Development and Implementation of Safety Performance Functions
Dr. Aditya Medury
Dr. Praveen Vayalamkuzhi
Sang Hyouk Oum
Dr. Offer Grembek
California Department of Transportation (Caltrans). Contract #65A0633
Publications and Resources:
- Salem, C., Vayalamkuzhi, P., Grembek, O., Medury, A., and Ensch, J., (2019). Process Mapping of Safety Applications in Transportation Organizations, Presented in the 98th Transportation Research Board Annual Meeting, January 13-17, 2019, Washington D.C., USA
The Federal Highway Administration (FHWA) developed the Highway Safety Manual (HSM) to provide quantitative information for decision making in road safety management of state and local transportation agencies. In recent years, significant progress has been made with respect to crash prediction models for identifying such locations. In addition to providing valuable information related to factors that can potentially contribute to an increase in the likelihood of traffic crashes, the HSM explains how Safety Performance Functions (SPFs), which are the mathematical relationship describing the crash frequency, and explanatory variables are used to estimate the expected number of crashes per year for a given location. There are two types of SPFs, referred to as Type 1 and Type 2, each with its own data requirements. Type 1 SPFs use only traffic volumes to predict crashes, while Type 2 SPFs use additional site information such as road geometry and intersection design elements as explanatory variables. For example, alignment data is crucial for Type 2 SPFs, and can provide for significant improvement in predictive effectiveness in comparison to the Type 1 baselines. These SPF’s will serve as a baseline for network screening techniques which play a major role in the transportation safety management process.
Figure 1. Potential for Safety Improvement Graphical Definition (Source: FHWA Safety)
Figure 2. Road Safety Management Process by FHWA (Source: FHWA Safety Tools)
California Department of Transportation (Caltrans) is in the process of transforming from its current network screening method of Table C to the network screening based on Safety Performance Functions. The added value of the current Caltrans effort cannot be realized until the outcomes are deployed as part of a transportation safety management tool. The goal of the transportation safety management tool is to assist Caltrans in gradually deploying newly developed SPFs into the network screening processes. The idea behind this is to develop a tool that would be flexible enough to make use of any intermediate progress related to network screening capabilities.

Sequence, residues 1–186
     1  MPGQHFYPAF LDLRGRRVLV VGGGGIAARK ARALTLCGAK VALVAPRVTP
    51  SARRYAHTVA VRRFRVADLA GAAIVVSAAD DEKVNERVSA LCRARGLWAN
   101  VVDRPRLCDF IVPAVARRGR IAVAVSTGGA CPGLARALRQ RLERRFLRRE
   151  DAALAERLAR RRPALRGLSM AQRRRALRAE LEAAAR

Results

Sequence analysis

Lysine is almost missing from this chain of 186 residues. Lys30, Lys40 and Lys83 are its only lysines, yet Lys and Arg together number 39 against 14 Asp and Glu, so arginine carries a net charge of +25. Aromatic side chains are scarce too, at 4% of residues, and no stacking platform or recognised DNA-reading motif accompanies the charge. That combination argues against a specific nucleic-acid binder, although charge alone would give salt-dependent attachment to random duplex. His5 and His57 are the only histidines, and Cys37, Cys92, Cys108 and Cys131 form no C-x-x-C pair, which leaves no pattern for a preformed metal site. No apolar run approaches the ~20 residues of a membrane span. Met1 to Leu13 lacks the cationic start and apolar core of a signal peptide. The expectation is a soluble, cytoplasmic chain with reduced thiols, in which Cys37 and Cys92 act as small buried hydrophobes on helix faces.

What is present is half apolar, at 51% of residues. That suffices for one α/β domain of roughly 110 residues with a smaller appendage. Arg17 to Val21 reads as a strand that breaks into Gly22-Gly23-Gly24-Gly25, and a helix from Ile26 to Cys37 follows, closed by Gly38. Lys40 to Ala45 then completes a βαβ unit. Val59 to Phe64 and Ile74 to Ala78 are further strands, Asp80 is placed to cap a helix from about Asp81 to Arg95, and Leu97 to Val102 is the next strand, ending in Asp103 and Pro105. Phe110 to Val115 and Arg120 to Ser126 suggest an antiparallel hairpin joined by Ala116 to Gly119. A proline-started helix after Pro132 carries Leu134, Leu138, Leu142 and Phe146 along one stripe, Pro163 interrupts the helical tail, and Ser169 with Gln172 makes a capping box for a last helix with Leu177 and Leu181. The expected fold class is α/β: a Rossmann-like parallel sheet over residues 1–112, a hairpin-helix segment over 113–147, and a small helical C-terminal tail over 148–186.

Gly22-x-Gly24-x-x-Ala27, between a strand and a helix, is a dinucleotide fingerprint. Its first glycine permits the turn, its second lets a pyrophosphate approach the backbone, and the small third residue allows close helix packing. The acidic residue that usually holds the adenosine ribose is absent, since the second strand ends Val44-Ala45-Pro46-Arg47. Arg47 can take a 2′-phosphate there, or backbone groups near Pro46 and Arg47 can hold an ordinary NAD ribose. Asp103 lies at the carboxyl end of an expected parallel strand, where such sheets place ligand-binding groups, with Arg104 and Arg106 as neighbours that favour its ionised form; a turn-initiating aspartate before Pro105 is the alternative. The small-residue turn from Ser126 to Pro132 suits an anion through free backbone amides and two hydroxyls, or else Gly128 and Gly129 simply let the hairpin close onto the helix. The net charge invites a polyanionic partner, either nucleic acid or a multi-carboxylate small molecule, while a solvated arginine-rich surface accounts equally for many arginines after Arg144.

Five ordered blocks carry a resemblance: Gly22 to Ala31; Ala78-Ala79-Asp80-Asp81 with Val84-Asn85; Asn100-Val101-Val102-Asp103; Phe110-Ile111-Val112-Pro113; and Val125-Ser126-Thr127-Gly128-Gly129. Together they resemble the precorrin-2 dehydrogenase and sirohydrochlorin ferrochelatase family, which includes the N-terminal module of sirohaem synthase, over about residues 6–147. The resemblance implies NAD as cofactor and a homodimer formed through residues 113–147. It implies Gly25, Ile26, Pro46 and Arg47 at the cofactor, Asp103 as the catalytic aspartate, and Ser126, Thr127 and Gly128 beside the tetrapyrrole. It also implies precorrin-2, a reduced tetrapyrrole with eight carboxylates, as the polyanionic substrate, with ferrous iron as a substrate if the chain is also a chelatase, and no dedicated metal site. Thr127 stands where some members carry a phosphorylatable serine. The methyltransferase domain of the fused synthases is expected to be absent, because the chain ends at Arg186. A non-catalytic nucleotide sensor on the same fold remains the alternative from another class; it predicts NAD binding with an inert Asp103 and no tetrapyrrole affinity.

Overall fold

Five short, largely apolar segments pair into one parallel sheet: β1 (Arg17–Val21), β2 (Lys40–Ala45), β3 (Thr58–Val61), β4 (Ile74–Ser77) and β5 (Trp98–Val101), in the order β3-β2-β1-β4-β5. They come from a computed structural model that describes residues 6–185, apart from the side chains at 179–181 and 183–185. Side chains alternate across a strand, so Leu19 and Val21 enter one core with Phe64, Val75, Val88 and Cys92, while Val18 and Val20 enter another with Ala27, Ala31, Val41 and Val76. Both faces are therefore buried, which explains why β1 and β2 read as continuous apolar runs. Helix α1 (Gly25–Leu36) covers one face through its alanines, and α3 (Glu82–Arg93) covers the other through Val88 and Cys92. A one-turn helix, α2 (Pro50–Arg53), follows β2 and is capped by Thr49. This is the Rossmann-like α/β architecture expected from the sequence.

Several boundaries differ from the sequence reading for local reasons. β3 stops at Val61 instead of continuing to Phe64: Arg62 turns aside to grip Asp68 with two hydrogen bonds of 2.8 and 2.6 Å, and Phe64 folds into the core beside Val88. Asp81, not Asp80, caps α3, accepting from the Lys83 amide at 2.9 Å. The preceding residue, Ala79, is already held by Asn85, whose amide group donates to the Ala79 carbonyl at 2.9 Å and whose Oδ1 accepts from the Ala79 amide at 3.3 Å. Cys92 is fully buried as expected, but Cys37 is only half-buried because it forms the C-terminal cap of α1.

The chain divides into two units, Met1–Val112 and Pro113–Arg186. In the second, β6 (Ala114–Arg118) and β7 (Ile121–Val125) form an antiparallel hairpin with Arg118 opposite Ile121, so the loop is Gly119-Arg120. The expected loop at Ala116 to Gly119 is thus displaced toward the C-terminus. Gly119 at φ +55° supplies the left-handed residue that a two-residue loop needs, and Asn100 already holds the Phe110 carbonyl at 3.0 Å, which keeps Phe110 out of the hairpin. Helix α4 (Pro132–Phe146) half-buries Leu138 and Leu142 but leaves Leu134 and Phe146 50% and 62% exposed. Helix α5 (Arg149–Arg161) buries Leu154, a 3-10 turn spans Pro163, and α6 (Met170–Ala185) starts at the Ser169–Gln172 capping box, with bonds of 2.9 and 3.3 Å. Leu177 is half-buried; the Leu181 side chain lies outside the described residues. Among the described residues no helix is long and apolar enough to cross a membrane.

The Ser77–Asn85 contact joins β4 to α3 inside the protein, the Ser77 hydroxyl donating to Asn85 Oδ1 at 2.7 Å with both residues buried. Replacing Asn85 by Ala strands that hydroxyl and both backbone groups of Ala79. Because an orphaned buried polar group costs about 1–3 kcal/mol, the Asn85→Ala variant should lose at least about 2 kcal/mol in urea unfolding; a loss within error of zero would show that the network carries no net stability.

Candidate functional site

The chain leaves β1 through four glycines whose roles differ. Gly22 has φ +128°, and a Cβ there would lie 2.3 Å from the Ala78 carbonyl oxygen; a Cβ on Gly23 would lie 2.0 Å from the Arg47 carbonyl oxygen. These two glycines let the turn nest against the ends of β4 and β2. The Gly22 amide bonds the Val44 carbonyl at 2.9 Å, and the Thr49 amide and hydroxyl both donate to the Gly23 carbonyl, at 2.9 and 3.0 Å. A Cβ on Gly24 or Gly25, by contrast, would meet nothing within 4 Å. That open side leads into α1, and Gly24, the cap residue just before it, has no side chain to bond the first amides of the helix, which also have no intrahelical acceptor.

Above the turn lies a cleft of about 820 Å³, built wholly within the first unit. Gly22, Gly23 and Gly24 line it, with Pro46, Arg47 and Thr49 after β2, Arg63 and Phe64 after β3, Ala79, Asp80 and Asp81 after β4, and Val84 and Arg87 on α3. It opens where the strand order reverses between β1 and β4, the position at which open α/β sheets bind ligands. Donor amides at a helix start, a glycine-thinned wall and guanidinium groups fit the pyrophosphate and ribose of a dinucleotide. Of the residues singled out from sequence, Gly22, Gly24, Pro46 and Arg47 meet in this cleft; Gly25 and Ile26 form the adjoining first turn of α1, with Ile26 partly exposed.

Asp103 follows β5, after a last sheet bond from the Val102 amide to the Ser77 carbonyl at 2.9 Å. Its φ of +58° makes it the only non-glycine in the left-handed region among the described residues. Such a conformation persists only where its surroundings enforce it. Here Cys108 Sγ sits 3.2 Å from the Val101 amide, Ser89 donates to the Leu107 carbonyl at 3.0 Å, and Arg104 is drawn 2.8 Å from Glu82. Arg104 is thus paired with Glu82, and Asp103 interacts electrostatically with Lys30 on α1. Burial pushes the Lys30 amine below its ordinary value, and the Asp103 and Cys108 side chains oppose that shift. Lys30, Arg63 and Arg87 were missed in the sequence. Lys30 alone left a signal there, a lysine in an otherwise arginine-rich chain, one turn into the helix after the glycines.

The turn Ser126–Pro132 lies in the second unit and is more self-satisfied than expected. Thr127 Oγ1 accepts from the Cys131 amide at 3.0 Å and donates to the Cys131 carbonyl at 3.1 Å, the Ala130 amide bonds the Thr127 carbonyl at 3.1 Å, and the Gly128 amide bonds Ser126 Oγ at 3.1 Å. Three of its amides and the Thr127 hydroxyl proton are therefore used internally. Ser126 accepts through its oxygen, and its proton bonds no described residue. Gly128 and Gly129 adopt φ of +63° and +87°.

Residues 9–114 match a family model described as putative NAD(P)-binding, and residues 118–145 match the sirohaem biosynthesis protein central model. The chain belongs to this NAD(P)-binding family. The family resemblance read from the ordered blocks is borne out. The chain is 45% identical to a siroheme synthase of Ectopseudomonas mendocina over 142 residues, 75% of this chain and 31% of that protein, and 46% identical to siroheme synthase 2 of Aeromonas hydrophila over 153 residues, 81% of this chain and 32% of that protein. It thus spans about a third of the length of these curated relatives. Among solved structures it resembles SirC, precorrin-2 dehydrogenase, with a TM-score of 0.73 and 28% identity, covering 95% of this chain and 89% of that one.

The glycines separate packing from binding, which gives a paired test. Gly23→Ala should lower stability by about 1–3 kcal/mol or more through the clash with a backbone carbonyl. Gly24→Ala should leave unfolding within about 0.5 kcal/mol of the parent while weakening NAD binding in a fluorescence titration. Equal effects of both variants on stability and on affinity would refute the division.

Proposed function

This project will focus on designing and developing an MS Excel-based tool that can be used for network screening by calibrating the existing SPFs for different facility and injury types. The development of the network screening framework will consider the inclusion of network screening methods, such as sliding window method, continuous risk profile, etc. The implemented network screening approaches would allow Caltrans to input the parameters which would define the high collision concentration locations, and the output of the network screening would result in a list of locations which meet the selection criteria. In addition to this, the project also provides guidelines for developing additional SPFs, re-estimating existing SPFs, and a road-map for incorporating such SPF’s into the tool.